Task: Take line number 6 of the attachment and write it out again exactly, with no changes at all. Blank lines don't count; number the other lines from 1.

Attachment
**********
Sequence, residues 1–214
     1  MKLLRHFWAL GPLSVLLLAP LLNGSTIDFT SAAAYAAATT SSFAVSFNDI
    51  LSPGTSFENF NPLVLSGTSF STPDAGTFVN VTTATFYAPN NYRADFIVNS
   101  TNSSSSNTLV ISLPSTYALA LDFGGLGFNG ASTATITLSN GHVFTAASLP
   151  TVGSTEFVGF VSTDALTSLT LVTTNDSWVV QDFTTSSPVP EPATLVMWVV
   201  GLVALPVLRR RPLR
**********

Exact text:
   201  GLVALPVLRR RPLR